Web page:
For the purchase() operation, you have to execute three SQL statements in total. The first is to query
the topic price. The second and third update the topic stock and account balance accordingly.
Then you can declare a book shop instance in the Spring IoC container to provide purchasing
services. For simplicity's sake, you can use DriverManagerDataSource , which opens a new connection
to the database for every request.
Note To access a database running on the Derby server, you have to include derbyclient.jar (located in
the lib directory of the Derby installation) in your classpath. Alternatively, if you're using Maven, you can add a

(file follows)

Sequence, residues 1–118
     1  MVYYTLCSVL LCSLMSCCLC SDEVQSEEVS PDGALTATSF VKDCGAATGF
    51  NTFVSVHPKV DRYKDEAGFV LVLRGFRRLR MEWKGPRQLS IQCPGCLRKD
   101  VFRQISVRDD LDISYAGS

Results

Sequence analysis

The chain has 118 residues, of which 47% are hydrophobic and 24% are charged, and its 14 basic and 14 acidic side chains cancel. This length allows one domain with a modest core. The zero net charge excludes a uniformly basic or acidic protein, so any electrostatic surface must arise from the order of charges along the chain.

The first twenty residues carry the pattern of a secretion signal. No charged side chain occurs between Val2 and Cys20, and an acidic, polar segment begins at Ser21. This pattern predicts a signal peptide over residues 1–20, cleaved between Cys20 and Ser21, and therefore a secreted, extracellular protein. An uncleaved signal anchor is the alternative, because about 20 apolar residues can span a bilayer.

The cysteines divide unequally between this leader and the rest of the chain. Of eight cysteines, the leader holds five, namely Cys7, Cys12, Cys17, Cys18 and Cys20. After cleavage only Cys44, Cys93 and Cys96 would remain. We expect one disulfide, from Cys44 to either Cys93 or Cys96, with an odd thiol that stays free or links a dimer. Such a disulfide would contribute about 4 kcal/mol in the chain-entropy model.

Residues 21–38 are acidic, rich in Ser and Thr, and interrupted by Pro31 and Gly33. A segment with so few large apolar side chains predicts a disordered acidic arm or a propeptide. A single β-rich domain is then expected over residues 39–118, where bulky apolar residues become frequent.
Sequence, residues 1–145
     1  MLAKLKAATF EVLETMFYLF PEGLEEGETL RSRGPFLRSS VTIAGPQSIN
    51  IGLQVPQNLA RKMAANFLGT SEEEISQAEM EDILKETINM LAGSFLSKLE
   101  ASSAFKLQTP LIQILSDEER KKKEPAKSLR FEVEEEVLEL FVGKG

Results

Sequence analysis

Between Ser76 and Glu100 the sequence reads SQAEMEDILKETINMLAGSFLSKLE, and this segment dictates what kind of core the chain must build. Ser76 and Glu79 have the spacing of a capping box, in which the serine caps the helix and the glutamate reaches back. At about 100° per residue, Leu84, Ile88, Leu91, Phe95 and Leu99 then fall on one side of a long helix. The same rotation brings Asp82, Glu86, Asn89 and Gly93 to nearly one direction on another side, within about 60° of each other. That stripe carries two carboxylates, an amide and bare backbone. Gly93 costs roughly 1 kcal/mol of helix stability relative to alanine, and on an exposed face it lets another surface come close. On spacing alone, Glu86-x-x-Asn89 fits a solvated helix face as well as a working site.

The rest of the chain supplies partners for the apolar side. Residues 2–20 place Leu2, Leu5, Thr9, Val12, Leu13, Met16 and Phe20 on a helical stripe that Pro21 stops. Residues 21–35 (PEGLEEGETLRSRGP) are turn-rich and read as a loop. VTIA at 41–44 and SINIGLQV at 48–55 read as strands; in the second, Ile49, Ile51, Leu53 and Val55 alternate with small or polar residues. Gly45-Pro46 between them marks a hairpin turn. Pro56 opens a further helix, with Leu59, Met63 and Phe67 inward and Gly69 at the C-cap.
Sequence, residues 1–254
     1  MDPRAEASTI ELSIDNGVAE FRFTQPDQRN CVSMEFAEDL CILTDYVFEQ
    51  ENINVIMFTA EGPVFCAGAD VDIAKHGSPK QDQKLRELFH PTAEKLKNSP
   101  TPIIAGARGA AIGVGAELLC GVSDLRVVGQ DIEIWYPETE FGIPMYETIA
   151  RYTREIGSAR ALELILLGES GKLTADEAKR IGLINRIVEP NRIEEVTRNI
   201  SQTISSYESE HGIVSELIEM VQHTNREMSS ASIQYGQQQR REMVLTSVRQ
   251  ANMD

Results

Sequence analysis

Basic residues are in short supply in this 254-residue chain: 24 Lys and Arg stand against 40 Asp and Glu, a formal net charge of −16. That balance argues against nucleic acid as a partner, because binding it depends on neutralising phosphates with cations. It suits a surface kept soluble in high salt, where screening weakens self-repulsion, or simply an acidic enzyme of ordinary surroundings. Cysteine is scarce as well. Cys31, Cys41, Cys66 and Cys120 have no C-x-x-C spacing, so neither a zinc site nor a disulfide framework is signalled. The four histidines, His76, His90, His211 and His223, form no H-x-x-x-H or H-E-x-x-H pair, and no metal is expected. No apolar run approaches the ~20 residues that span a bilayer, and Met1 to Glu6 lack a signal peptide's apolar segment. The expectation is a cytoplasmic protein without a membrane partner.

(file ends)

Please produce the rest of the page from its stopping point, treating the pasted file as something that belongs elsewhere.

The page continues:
xsi:schemaLocation= " http://www.springframework.org/schema/beans
<bean id= " dataSource "
class= " org.springframework.jdbc.datasource.DriverManagerDataSource " >
<property name= " driverClassName "
value= " org.apache.derby.jdbc.ClientDriver " />
<property name= " url "
value= " jdbc: derby://localhost:1527/bookshop; create=true " />
<property name= " username " value= " app " />
<property name= " password " value= " app " />
<bean id= " bookShop " ➥
class= " com.apress.springenterpriserecipes.bookshop.spring.JdbcBookShop " >
<property name= " dataSource " ref= " dataSource " />
To demonstrate the problems that can arise without transaction management, suppose you have
the data shown in Tables 4-2, 4-3, and 4-4 entered in your bookshop database.